Quitting is often not the most glamorous ordeal. In fact it is often synonymous with failure.
“oh, so why did you stop?”
“yeah, it wasn’t really going anywhere.”
I’m sure you have had a few of those conversations in your lifetime. The ability to quit can be easily compared to saying no. It’s difficult and arduous during the first conversation or initial phase. Once you have made your decision, you feel your shoulders loosen up as they no longer have to carry the burden of indecisiveness. The process of quitting assumes you are accelerating your way on a motorbike to leap across a rocky gorge. You are not aware of how wide this gorge is. Once you approach a visible range you have two options.
- You notice that the gap is much larger than you expected so you jump from the motorbike, letting it career off into the abyss and you suffer some minor scratches and bruises.
- You continue forward, keeping your head down, trying to get every little bit of horsepower and torque from the engine. There is a very small chance you may make it, however there is a 99% chance that you will fall to your death.
The 2nd option may sound suicidal but we witness it frequently. Humans are stubborn creatures. They don’t like to let go of things or admit defeat. Unfortunately, not being willing to lose the battle results in one losing the war. There are questions that you can ask yourself to ensure that you are doing work that matters.
Why are you doing this?
Have you ever been working on something without knowing exactly why? Personally, I find academia to be particularly bad at explaining the long-run benefits of what is taught rather than “it will get you a good job” or “it will be useful at some point”. At a recent lecture I attended to conclude the term, there were three lecturers in a room along with a handful of students and for an hour we discussed the long-term outcomes of three years of studying Economics. It was the most clarity academia had ever provided me on ‘Why are you doing this?’ rather than the usual “Do this or fail!”. For any project, task or commitment, think: what is this for? Who benefits? What is the motivation behind it? Your answers to these questions will help you better understand the work itself.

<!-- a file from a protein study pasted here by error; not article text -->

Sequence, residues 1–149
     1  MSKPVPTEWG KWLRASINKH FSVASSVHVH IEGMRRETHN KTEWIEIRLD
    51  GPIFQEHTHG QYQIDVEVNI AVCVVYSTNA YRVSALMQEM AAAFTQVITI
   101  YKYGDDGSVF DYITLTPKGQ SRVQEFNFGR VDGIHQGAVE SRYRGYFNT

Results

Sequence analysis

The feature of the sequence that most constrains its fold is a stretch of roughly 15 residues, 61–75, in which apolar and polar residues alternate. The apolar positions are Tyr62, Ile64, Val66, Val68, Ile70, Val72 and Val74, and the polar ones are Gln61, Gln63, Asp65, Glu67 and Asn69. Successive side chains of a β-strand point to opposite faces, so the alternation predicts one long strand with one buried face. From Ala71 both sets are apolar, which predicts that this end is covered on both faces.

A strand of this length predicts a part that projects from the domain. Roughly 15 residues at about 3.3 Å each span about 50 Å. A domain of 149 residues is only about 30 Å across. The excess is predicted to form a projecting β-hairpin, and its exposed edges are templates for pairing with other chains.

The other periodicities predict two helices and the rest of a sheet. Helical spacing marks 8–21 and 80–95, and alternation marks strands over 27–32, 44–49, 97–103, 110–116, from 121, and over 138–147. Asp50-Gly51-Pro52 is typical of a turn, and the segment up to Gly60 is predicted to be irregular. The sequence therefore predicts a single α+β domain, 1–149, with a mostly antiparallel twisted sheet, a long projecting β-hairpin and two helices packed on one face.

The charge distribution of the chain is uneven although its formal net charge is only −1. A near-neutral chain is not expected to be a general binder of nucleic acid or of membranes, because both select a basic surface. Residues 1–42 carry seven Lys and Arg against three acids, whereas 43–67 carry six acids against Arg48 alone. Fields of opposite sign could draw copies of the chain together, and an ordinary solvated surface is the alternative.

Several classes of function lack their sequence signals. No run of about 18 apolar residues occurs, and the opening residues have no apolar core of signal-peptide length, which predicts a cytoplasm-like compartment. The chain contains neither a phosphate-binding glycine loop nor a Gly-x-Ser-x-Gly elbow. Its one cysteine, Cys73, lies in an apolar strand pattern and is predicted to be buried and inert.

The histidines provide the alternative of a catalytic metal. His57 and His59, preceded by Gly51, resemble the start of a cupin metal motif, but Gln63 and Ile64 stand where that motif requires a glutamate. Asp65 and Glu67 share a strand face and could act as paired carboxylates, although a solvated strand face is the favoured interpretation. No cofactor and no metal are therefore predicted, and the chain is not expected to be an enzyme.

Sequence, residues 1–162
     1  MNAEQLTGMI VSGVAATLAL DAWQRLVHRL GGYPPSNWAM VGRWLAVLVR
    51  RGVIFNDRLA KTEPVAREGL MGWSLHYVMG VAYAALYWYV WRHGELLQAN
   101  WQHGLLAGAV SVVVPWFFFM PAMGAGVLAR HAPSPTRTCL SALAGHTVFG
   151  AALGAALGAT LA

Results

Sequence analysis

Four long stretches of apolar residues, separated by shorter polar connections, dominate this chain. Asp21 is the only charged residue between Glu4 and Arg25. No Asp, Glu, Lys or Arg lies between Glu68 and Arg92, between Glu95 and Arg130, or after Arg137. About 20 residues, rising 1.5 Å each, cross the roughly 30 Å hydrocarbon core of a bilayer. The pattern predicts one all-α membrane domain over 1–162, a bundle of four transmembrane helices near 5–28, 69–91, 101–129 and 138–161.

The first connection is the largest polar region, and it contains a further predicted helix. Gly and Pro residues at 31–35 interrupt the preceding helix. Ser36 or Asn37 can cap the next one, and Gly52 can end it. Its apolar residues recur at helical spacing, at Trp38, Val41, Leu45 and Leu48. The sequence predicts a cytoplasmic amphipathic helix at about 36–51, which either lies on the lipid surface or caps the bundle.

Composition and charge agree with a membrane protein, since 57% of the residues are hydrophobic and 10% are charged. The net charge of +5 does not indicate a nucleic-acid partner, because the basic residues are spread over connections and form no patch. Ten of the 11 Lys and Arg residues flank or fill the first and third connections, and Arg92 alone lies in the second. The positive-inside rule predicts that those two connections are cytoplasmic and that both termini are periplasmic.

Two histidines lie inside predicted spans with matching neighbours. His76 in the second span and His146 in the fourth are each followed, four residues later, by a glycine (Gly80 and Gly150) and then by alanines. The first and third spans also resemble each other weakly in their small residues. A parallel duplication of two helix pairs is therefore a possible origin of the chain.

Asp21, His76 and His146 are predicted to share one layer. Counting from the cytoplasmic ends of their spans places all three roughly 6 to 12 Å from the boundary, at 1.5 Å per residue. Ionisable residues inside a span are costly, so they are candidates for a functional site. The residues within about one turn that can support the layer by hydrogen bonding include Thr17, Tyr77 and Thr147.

What problem are you solving?
This question is particularly insightful for aspiring entrepreneurs. Why would someone pay money for your product or service? How much pain are your customers in right now without your product or service? For example, a pharmaceutical company produces a new treatment for Alzheimer’s disease. There is a clear value proposition. We are solving the problem of Alzheimer’s disease. The disease itself is monumentally debilitating and a painful ordeal for loved ones of the individual with the disease. Family members are likely to pay a lot of money for a cure. Never try to solve an imaginary problem because the time and money you waste in doing so will be very real.
Is this actually useful?
Are you doing something useful or just doing something? It’s fine to have your moments or do something for the heck of it rather than a solidly defined purpose. You may even tell your friends that you are working on this cool project. Cool wears off. Useful never does.
Is there an easier way?
Problems usually require simple solutions. Do not make things harder than they need to be. The 80-20 rule applies at all times (80% percent of the results come from 20% of the inputs or efforts). Think about the best teacher you know. Contemplate the way they are able to deconstruct complicated theories into simple analogies. You want to be able to simplify at all times.
What could you be doing instead?
So you spent the last two weeks, 12 hours a day working on that assignment in the library. What other valuable things could you have done in that time? Are you squeezing the most out of every hour? There has to be a carefully calculated decision between more time and a loss of productivity. We are not machines. We fatigue surprisingly quickly, especially concentrating on a single task. Embrace variety. If you’re stuck on something for a long period of time, that means there are other things you’re not getting done.
Is it really worth it?
Determine the real value of something before diving head-first. Nobody wants to rely on luck for their success and wellbeing.
“Think about all the time, brainpower, and social or political capital you continued to spend on some commitment only because you didn’t like the idea of quitting.”
Steven D. Levitt, economist and co-author of Freakonomics
If you enjoyed this article and would like to purchase the book, see the link below.